Term Paper: Health Topic With a Sociological Analysis Inequalities

Pages: 6 (1997 words)  ·  Bibliography Sources: 6  ·  Level: College Senior  ·  Topic: Disease  ·  Buy This Paper

Health Topic With a Sociological Analysis

Inequalities, policies, gender and stress of H.I.V and AIDS infection

V is a virus that causes the disease (AIDS) "Acquired immunodeficiency syndrome." The disease is a progressive failure of the human immune system. This failure of the immune system causes threatening opportunistic infections and death. H.I.V and AIDS infection have negative impacts on the health of infected persons. The disease has also an impact on the mental health of persons infected. According to data from Centre of Disease Control and prevention in 1986, the disease has negative impacts on the physical health of individuals, and negative impacts on the mental health of persons infected. The data further points out that the disease affects the mental health of persons close to victims. People closely related to persons infected include caregivers and relatives. Relatives are afraid of losing their loved ones to the disease, children are afraid of losing their parents while caregivers who foster a good relationship with patients do not want to lose them through death.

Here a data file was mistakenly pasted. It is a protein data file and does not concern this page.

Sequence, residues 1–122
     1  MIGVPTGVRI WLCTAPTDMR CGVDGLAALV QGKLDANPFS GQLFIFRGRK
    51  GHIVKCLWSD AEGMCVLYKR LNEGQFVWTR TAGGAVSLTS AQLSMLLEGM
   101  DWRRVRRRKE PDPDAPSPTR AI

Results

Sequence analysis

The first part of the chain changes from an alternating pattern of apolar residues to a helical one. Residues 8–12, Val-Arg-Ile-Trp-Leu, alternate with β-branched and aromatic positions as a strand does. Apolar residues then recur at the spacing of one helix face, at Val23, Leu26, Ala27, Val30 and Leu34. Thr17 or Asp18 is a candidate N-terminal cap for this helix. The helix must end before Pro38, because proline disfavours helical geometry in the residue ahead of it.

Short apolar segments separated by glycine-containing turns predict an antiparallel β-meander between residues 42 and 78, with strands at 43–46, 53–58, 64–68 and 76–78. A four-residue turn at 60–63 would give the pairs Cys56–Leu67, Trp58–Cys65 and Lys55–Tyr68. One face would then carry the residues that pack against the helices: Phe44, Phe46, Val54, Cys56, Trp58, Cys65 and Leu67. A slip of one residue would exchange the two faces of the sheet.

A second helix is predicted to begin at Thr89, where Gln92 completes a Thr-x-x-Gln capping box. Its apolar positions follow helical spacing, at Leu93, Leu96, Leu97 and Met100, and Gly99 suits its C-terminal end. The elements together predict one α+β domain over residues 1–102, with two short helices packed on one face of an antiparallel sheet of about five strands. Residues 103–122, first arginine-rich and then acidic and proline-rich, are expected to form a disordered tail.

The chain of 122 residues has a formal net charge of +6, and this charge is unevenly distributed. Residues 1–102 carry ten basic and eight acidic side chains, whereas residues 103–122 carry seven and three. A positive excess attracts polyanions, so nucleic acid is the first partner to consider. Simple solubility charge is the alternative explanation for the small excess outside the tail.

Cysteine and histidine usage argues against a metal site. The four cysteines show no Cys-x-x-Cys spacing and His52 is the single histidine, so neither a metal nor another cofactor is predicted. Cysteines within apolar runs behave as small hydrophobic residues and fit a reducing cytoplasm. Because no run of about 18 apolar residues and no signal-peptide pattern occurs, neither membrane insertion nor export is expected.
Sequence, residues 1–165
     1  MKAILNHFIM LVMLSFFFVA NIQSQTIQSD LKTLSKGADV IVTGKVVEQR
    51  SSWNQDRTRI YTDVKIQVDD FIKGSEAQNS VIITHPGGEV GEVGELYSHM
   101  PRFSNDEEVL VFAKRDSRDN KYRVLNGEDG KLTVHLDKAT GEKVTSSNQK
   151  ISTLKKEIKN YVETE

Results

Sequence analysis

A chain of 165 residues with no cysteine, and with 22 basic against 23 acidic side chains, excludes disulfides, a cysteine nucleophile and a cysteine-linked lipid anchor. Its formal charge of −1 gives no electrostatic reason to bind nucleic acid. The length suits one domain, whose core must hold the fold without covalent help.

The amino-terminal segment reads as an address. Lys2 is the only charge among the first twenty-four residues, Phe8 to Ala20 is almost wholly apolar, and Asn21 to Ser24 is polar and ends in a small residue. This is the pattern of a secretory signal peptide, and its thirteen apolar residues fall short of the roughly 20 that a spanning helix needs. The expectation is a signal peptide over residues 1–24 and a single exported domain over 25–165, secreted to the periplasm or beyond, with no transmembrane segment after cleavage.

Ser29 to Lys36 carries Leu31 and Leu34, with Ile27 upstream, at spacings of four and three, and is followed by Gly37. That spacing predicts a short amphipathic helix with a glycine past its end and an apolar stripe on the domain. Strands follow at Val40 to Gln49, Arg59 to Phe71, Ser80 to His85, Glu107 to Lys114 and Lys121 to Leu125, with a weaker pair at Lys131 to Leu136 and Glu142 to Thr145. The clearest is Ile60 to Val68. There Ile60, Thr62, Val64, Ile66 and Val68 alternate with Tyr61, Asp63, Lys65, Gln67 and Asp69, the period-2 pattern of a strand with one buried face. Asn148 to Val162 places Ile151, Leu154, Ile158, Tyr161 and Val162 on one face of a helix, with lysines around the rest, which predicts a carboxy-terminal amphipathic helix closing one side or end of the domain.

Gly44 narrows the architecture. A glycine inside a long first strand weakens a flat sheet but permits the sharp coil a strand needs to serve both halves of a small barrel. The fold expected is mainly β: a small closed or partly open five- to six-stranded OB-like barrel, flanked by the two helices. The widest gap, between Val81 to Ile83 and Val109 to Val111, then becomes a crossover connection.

When looking at the disease in relation to the United States of America, one relate to a variety of phenomena. The phenomena relate to race, masculinity, groups, age, and Socio- economic status of individuals. The disease has an impact on policy, Affect children, extended family and caregivers. H.I.V and AIDS have an effect on the mental health on persons infected, relative and caregivers of persons infected (Braithwaite, Taylor and Treadwell 2009). The disease infects men and women differently, affects persons of different races disproportionally and differs given the Socio economic status of individuals.